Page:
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  • Writer's pictureFrederic Martin

Review: The Midnight Library

Updated: Aug 5, 2023

All of us have “If I had only …” moments. All of us occasionally fantasize about what life might have been like if we had taken a slightly different path. And all of us get depressed from time to time. But only an unfortunate handful of us might experience a perfect storm of rumination that plunges us into a spiraling decline, driving us to the rash decision to take our own life.

In the first chapters of “The Midnight Library,” Matt Haig introduces us to Nora Seed, a washed-up thirty-something musician living in a low-rent flat in Bedford, England. Haig deftly walks us through what turns out to be a “day-of-days” for Nora, a day where she is confronted with every bad decision she’s made in her life. The rapid pile-up of regrets bouncing around in the echo chamber of her mind drives her to such an extreme state of despair that she can find only one way to escape. Suicide.

But Nora’s suicide does not result in death. At least not yet. And this is where Haig shows his creativity and the book takes a brilliant turn. Instead of the familiar ‘plunging toward a bright light while her entire life flashes in front of her,’ scene, Nora finds herself in a quiet library with bookshelves that appear to go on to infinity. The Midnight Library. There, she discovers a librarian that takes the form of a benevolent mentor she had early in life, Mrs. Elm. Mrs. Elm guides Nora through her ‘book of regrets’ and offers Nora books from the library that allow her to experience her life if it had taken a different turn. A sampler, if you will, of all those alternate lives each of us would like to experience if only we could reverse those regrets.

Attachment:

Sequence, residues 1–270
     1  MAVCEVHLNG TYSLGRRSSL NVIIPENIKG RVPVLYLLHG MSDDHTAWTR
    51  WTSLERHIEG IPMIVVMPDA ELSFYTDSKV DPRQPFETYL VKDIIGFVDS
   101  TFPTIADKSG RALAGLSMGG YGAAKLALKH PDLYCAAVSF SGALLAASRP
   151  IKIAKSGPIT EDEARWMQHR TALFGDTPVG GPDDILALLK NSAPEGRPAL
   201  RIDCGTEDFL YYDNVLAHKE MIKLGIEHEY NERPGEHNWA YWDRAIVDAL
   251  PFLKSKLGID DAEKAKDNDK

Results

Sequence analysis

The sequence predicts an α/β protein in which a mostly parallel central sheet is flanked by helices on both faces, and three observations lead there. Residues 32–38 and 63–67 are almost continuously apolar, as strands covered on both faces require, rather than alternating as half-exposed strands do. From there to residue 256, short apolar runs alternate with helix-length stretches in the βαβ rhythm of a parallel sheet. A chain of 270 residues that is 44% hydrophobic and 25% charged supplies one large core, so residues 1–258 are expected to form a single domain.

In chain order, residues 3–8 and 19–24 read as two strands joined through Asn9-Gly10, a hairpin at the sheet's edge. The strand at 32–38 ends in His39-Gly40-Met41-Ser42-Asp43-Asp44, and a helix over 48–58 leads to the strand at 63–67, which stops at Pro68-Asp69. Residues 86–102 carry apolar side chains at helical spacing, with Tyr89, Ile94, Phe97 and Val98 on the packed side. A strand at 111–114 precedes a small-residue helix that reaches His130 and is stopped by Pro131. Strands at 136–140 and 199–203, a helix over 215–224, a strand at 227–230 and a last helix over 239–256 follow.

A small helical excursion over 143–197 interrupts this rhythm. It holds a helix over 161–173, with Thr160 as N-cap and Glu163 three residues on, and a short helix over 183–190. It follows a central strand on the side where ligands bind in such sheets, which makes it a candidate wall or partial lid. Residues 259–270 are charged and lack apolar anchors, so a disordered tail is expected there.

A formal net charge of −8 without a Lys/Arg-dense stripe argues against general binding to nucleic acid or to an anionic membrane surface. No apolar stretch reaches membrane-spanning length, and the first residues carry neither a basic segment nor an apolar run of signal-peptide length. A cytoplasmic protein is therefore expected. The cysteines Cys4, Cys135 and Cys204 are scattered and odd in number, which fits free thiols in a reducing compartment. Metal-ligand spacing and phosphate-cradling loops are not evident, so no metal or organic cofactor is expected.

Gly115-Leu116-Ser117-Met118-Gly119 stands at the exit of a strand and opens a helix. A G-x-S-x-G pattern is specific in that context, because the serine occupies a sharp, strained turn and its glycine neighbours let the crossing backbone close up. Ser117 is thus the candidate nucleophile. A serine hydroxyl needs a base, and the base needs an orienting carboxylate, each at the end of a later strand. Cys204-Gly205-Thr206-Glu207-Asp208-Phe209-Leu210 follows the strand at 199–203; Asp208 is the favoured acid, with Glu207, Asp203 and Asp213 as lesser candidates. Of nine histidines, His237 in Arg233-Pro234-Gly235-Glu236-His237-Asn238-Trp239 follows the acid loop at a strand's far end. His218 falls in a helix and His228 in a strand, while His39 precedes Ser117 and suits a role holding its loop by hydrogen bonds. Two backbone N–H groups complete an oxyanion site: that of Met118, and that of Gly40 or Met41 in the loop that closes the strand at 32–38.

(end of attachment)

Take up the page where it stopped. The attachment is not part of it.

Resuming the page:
The remainder of the book is an entertaining reenactment of a day or two in each of those alternate lives. Friends and family of Nora, introduced in the beginning of the book, are present in these alternative lives and their alternate realizations help Nora discover a deeper understanding of not only her own true character, but the character of those that surround her.

Each of these snapshots is cleanly written and shows Haig’s deep understanding of human traits and foibles. He makes each character a believable and relatable human being, weaving realistic relationships between them that hold up across the diverse landscapes of each of Nora’s alternate lives.

The only place the story goes into the rough is when Haig gets sucked into the trap of overly explaining the lessons Nora is supposed to be learning from each of these alternate life paths. The narrative threatens to become platitude-rich, almost as if a CliffNotes explanation was being pulled from the margins and injected into a scene. Perhaps some find this helpful and enlightening, but I found myself saying, “I get it, I get it already,” and skimming over those explanatory parts. If you can get into the right rhythm you can anticipate those parts and filter them out, allowing the high quality of the story underneath to shine through.

In the end, Nora does find a final path back to her real life and I found the resolution to be very satisfying. I closed the book with a thoughtful smile on my face. I would not say this was a book that I would put on my read-again list, however, I would recommend re-reading the first fourteen chapters before you put it away on your bookshelf. Doing so provides an extended resolution, like the flashback scenes during the credits of a movie, and gives you an appreciation of the care that Haig used in creating the groundwork for the transition to the midnight library. And perhaps it will give you, as it did for me, a little more insight into the themes of the story.

All in all, a creative, solidly written (with caveats), worthwhile read.

4.2/5 stars

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